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The Tree and the Chainsaw

Did you ever have an idea of how something should look?

And then try to strong-arm it into place using brute force and a twenty-pound sledgehammer?

Did you ever bloody yourself trying to make the details all glittery and golden?

If you said yes, then welcome to my life as a recovering perfectionist!

Because, no matter how much work I do in this particular area, every once in awhile I slip and find myself facedown in a big pile of CRAZY.

Take my first website, for example. (Please)

It was supposed to be called TalktoTree.

So it had to have a tree. Right?

And not just any tree.

But a tree that looked exactly like this.

Because I’ve had this picture pasted in my dream book for almost two decades.

And I still get choked up when I see this girl gazing up at her tree.

I mean, isn’t THIS the conversation we’re all secretly longing for?

I love that sense of child-like wonder, the recognition of magic in


So when it came to the look of my homepage, there wasn’t a lot of wiggle room.

I had to re-create the photo!

And I started right away—downloading maps of city parks, buying a binder to keep myself organized. I made a copy of my ideal photo to take with me for reference. I put bottled water and snacks into my car. Then I packed up my camera and went hunting.

But none of the trees met my criteria.

Week after week I went out.

I logged 21 hours in total—not all at once, but in slow painful chunks. Walking each park one at a time, looking at each tree, evaluating, taking pictures, marking the co-ordinates down on the map.

I guess you could say my attachment was slipping toward the bright lights of obsession.

I saw trees where there weren't any trees. When I closed my eyes to sleep, I saw a network of leaves, the intricate lines matching the veins of my own blood-shot eyes.

I went out again and again. But there was always something not quite right. A house in the background. Or a Goddamned city bench.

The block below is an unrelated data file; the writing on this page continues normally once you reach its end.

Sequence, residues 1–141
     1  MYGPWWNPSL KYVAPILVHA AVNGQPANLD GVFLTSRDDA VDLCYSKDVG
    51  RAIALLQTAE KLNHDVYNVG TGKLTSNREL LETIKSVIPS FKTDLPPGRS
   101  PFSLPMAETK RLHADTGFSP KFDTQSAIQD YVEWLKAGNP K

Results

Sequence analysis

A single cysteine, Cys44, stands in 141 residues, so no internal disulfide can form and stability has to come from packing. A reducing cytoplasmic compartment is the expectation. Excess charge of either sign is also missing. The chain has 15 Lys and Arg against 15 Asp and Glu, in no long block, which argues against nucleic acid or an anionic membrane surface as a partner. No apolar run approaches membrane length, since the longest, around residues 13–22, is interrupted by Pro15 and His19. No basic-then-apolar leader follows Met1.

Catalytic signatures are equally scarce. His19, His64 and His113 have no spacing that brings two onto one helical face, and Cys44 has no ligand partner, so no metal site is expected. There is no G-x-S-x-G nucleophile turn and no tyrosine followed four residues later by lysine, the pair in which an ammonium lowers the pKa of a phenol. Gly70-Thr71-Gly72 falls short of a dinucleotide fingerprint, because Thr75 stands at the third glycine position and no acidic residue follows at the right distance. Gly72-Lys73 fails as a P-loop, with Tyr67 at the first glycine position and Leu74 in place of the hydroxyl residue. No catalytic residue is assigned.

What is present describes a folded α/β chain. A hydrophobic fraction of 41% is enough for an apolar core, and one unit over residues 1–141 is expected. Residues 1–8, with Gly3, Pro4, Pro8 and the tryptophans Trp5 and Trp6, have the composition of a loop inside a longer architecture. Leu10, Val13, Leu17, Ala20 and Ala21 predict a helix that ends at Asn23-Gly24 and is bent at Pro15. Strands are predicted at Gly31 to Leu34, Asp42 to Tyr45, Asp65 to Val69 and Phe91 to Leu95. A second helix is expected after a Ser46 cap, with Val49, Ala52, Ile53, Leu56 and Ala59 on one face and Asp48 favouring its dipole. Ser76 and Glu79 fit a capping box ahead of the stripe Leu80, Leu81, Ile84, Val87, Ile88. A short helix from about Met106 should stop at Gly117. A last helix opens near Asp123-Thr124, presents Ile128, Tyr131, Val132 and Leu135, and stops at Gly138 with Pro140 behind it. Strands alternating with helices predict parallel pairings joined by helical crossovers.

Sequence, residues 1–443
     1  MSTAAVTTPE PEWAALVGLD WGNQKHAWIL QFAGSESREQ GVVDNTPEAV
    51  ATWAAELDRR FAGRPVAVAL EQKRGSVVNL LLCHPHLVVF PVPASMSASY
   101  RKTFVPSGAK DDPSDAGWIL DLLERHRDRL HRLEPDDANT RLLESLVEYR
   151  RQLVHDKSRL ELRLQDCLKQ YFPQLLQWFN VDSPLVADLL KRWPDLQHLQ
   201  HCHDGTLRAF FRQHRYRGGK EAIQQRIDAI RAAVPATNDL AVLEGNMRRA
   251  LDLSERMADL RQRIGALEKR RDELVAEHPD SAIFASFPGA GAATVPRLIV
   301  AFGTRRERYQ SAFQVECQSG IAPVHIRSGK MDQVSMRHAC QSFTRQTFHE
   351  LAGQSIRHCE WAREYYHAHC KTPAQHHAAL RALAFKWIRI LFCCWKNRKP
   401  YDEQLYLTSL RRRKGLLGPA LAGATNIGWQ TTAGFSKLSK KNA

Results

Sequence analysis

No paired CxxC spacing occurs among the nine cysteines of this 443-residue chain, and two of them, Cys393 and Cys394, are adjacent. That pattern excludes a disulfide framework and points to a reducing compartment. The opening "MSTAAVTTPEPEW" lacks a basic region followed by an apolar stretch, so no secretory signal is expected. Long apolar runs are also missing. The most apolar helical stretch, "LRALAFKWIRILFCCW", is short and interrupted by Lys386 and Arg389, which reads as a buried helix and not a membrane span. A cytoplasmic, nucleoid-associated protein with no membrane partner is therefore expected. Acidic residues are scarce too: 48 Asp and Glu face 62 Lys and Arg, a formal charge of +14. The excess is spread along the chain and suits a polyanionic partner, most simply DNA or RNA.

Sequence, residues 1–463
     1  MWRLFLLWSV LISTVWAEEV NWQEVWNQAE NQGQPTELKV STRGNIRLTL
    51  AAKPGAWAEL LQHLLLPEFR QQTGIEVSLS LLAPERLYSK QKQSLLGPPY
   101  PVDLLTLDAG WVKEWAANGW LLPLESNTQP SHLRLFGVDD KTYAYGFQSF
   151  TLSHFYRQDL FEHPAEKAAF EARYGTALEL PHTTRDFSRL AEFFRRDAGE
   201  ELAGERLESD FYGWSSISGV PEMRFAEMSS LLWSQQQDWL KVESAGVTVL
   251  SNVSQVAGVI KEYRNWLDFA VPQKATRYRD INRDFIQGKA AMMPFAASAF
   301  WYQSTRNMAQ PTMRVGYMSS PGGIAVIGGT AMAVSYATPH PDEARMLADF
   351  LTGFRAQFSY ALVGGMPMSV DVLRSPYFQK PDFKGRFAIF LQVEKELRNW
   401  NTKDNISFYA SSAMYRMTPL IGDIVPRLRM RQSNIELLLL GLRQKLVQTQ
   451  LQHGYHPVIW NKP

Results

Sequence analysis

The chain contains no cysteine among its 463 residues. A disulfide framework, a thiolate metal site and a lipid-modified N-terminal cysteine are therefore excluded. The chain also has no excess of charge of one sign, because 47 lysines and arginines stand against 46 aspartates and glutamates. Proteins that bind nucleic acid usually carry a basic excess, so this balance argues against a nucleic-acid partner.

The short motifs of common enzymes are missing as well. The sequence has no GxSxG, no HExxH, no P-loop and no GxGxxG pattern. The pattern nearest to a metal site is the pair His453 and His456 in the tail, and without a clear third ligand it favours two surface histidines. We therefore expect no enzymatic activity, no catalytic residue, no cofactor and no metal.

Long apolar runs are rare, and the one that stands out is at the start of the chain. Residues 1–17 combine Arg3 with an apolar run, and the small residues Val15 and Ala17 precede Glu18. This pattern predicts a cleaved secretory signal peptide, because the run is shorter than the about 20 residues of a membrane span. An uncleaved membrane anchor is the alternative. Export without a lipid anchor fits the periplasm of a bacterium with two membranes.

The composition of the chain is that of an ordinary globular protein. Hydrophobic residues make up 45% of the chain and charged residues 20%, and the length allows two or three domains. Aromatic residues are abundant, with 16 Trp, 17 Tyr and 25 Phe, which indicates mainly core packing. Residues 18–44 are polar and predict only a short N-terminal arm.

Fall was nipping at my heels.

Soon the leaves would start to turn yellow and once that happened . . .

Well, they had to be green.

I narrowed my selection down to three possible candidates.

Finally, painfully, I made my selection and booked the photographer.

I sent her an information packet with detailed instructions.

I rented out a space in the community centre close to the tree so I'd have a place to change my clothes.

I timed the walk, getting it down to the second.

I packed up the rake. (In case there were yellow leaves on the grass.)

I pulled out the extension ladder. (In case there were yellow leaves on the tree).

And then, three days before the photo shoot, I drove down to check on the site.

And here’s what I saw.

Two large branches were gone. Chain-sawed off by city workers only a day before.

I stood staring at the amputee tree.

Maybe I could pose in front of the stump, covering it somehow. Maybe I could bring a shop-vac and clean up all the sawdust from the grass . . .

Maybe. Maybe. Maybe.

And then, from somewhere beyond the noise of my thoughts, I felt an opening—my idea of "perfect" gently lifting and sailing away, while my mind kept clutching, trying to pull it back.

That's when I made a conscious decision to let go.

I went home and cancelled the photo-shoot.

I poured myself a cold glass of wine.

Then I talked to a friend, telling her all the gory details.

“It's perfect,” she said, after a good a laugh. “Your tree's more beautiful with the stumps and sawdust.

She thought for a moment.

“We’re all like that, aren’t we? Beautiful with our imperfections. More unique for our stories.”

“Yes,” I said.

“You could write a blog about this,” she said.


The next day, I walked down to the park and looked at my imperfect tree.

A lady was changing her baby’s diaper on the table directly under it. The ground was littered with wood chips and sawdust.

I started to laugh, because it was obvious.

My life isn’t about getting things picture perfect anymore. It’s about seeing the beauty of the present moment.

Not that there’s anything wrong with the magazine finish. I used to work in the home-fashion industry. I’ll always appreciate those things.

It’s just that I want more.

I want room for imperfection. For sawed-off limbs and yellowed leaves.

I want room for the little surprises of the life, the laugh-out-loud humour of the Cosmos.

Because every time I let go of what I think I want, I get something better.

And I’m wishing you the same imperfect perfection.

Now and for always.

Sending you so much love,


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